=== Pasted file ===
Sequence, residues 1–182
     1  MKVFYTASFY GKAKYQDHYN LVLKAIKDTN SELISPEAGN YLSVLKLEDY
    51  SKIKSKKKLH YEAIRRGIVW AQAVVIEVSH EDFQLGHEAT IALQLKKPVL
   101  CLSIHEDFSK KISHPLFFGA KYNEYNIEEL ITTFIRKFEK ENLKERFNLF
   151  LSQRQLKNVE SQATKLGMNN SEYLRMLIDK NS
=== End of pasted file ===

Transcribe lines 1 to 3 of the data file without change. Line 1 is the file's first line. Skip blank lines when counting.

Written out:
Sequence, residues 1–182
     1  MKVFYTASFY GKAKYQDHYN LVLKAIKDTN SELISPEAGN YLSVLKLEDY
    51  SKIKSKKKLH YEAIRRGIVW AQAVVIEVSH EDFQLGHEAT IALQLKKPVL